The answer is me.

I do.

Those are my words below and there is a reason they are there.

“What I know for certain is there are people who come into our lives who turn them upside down and inside out. If you open the eyes inside your chest and clear the clutter from your soul they will help you wake up and remember who you are and who you might have been.”  Write From The Heart & Edit With The Head

When I collected the mail today I received the latest copy of Sports Illustrated. It is the one with Pete Carroll on the cover and the tease about it being the 25th anniversary of Friday Night Lights and how the author followed his heart back to Texas.

I looked at that cover and glanced at one of those Occupy Democrat pictures that are going around on Facebook and shook my head.

Not because I am a Democrat or a Republican but because it is more opinion disguised as fact and pushed our for emotional impact.

You don’t need to know that I am registered Democrat but that I have considered an independent for years but I’ll share it now because it fits the conversation I am trying to have with you.

What I want for my children is to eventually have the sort of relationship I alluded to in that quote above, not the one about arguing with a fool but the other one.

I want them to find someone who turns their world upside down and inside out in a good way. I want them to reach a place where they think long and hard about what they believe and why.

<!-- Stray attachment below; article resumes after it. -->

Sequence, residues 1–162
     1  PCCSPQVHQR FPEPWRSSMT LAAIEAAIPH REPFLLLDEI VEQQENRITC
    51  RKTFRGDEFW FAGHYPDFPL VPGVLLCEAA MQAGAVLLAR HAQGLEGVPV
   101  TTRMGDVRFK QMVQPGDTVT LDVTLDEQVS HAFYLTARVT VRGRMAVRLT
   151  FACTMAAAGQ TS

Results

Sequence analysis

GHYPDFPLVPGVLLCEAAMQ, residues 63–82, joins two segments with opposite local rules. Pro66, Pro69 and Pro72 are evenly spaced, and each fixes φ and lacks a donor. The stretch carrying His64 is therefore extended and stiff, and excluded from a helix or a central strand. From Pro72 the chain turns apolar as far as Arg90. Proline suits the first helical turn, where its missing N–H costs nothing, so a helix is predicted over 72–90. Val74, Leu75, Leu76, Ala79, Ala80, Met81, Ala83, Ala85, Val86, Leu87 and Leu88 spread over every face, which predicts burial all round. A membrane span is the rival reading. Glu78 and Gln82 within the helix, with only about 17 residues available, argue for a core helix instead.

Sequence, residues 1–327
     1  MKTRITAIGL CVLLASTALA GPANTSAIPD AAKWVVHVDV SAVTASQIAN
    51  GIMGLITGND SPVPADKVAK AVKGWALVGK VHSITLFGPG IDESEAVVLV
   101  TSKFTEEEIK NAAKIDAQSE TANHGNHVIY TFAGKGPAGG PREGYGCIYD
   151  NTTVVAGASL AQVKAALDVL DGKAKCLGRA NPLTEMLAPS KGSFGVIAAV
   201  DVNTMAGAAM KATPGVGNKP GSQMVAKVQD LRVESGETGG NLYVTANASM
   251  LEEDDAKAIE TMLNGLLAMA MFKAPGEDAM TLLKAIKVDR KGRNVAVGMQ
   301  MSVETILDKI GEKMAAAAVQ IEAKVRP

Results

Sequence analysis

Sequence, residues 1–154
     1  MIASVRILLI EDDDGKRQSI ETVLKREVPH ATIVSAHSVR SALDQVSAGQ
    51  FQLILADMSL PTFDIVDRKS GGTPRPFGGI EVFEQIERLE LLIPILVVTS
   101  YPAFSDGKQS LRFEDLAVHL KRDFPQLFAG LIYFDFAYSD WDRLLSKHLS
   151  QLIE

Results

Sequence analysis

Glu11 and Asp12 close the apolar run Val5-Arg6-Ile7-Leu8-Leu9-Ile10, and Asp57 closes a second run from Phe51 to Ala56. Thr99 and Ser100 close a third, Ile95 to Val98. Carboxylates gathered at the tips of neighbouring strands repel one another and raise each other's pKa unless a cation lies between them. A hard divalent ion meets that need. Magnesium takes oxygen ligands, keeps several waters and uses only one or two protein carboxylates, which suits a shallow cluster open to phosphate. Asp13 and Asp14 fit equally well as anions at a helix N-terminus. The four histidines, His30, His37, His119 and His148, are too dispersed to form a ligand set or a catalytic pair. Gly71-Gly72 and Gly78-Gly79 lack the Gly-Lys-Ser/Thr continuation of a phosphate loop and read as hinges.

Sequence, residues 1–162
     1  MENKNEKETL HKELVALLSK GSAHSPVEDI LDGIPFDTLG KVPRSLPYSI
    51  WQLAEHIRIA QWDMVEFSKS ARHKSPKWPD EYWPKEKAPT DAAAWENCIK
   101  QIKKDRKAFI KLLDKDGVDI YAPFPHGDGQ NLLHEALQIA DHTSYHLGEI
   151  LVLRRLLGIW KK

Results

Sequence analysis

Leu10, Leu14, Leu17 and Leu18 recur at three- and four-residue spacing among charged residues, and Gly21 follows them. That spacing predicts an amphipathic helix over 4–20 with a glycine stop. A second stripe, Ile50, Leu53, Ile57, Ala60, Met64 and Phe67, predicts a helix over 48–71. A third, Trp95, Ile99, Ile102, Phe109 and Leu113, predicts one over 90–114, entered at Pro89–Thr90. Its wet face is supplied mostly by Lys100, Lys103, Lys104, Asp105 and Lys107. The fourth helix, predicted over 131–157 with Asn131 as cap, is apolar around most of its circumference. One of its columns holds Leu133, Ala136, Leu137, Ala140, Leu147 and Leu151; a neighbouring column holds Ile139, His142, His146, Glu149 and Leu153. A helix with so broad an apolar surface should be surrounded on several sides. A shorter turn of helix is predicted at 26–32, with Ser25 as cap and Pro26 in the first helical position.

Ask questions and be prepared to go a different direction.

I want them to think.

Facebook doesn’t make me think very often. That might be because of how I use it and I might be responsible sometimes for adding to the noise too.

But I am aware of this.

Hell I am probably far more aware of what I do or do not do than at any point in my life.

Doesn’t mean I haven’t been the fool in the argument or the dude arguing with the fool. Sometimes I have done so knowing full well I was involved with an idiot but I continued because my intent was to influence the lurkers, not the jackass who kept telling me how smart they are.

Hell it is not that hard to find people who are smarter than I am. I can name quite a few and if you ask around there will be more than a handful of people who will volunteer names of people they think are smarter than me too.

If I told you I don’t give a fuck if they are a midlevel VP at a bank in Texas you might wonder if I am speaking to one person in specific or not and I’d say it doesn’t matter.

That is because being smarter than me is nothing special, at least without qualifying it and adding some sort of context to it.

That is part of the problem with so much of what I see on Facebook, it lacks context.